We started the session with a round of introductions, which included senior staff, AFP instructors, WMI/NOLS crossover instructors, recent proctors, past NOLS interns, and an upcoming summer IC student, as well as several “regular” instructors.

    Summers began by sharing some of the focal points that came out of the recent NIA Board conference call. She asked for feedback on those three points, and then opened the floor for other topics. 


    Meeting Outline:

    1. How does the NIA work?
    2. Possible NIA focal points for 2015:

    a. Faculty Engagement

    b. Travel Reimbursements: Simpler and More Timely

    c. Commitment to a Living Wage

    3. NIA membership and growth
    4. Staffing politics/ Moving past chronic underemployment
    5. Mentorship
    6. Ride-sharing

    How does the NIA work?
    The question that was first asked was “what is the difference between branch reps and the board?” Dave Durant defined a Branch Representative as any NIA Member who volunteers to update a corkboard, sign up new members, and host at least one meeting per season at a NOLS location. He then went on to explain the difference between the NIA Board of Directors and the NOLS Board of Trustees, as well as briefly outlining the role of the EDT. This definition was helpful to clarify the meeting that followed when “the Board” the “BoT” and the “EDT” were at times mentioned in rapid succession.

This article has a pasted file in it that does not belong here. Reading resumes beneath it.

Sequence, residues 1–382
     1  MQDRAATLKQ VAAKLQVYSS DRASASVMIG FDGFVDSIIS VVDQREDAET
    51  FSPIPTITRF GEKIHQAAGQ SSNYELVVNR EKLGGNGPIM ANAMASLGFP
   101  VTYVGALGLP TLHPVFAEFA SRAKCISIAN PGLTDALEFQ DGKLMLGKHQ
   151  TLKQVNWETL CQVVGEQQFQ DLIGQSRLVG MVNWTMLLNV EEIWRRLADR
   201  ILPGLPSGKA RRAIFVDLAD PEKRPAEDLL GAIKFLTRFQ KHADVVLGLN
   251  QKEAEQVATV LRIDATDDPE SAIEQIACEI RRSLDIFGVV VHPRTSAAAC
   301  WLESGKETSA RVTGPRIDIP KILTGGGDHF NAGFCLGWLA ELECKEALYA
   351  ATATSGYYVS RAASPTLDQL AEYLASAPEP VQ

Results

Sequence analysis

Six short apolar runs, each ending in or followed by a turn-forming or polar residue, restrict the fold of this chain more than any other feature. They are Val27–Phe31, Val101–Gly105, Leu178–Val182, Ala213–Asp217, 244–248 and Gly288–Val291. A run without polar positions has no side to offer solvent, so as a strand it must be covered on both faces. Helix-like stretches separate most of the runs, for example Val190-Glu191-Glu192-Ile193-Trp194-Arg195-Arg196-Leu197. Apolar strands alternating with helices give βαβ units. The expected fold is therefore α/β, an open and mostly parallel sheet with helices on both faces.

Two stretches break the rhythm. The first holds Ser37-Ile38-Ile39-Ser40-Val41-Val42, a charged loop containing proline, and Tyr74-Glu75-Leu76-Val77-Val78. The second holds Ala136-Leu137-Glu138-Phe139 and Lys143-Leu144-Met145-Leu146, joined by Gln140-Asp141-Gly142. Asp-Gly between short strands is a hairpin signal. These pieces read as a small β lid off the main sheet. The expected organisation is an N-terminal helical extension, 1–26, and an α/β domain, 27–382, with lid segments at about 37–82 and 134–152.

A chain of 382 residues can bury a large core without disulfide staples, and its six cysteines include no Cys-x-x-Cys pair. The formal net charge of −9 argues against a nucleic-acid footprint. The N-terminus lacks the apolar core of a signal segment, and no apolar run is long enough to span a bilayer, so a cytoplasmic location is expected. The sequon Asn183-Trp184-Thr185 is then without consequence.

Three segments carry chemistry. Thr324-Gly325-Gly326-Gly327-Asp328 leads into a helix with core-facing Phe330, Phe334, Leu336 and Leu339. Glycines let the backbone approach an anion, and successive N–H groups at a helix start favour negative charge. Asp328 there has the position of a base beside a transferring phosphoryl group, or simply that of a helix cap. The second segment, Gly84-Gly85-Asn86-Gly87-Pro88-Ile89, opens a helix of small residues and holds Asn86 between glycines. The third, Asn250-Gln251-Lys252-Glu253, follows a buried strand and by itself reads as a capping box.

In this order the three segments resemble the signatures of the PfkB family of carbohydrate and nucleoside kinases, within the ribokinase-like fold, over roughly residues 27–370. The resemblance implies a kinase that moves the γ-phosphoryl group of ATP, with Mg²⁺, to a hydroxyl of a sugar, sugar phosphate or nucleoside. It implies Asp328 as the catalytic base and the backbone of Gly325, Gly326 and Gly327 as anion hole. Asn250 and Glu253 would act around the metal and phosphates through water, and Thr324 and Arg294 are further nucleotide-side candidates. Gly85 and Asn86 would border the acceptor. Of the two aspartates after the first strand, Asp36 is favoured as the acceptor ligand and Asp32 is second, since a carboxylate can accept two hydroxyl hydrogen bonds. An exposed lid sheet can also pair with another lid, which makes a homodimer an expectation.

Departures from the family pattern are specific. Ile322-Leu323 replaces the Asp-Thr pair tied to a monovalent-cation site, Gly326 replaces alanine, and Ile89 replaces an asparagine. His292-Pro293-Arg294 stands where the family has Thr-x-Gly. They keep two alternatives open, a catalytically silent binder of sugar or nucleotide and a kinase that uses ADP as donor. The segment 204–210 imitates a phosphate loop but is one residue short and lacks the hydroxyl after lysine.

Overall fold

2. Possible NIA Focal Points for 2015
    During the most recent NIA Board conference call we identified three talking points that we want to introduce to members in order to gauge support and get feedback. These three points could be a large part of our focus as an organization in the coming year.

    a. Faculty Engagement
    The NIA wants to encourage instructors to have a strong voice and a vested interest in the direction of NOLS. Having instructor representatives in the Strategic Planning committees would be one concrete example of Faculty Engagement. These instructor representatives should ideally be non-HQ employees, and gathered from a diverse background of locations and disciplines. There was strong support from those at the meeting that this was perhaps the most important of the three foci proposed: that by following through with Faculty Engagement, many other positive changes would follow.

    One very senior instructor voiced his concern over a percieved Branch/HQ disconnect: as an instructor he felt valued at several locations, but doesn’t feel the same appreciation at HQ.

    Also spoken of was the need to hear from staff members who are younger, newer to NOLS, and actively working in the field.

    b. Making Travel Reimbursements Simpler and More Timely
    The NIA recognizes the efforts NOLS has put into increasing travel reimbursement for field instructors. Summers pointed out, however, that the system instructors use to get their reimbursement can be confusing and take longer than necessary. Would it be possible to simplify the system for both the school and the instructors?

    Instructors also discussed the different systems of travel pay within NOLS— catalogue courses, WMI, and NOLS Pro. One person shared his experience that his friends in other professions express disbelief when they learn that his travel is not covered when working a catalogue course. Another had heard that administrators were worried that instructors would lie and try to take advantage of a more generous system, which led to some talk of setting clear payment caps on travel expenses a la WMI.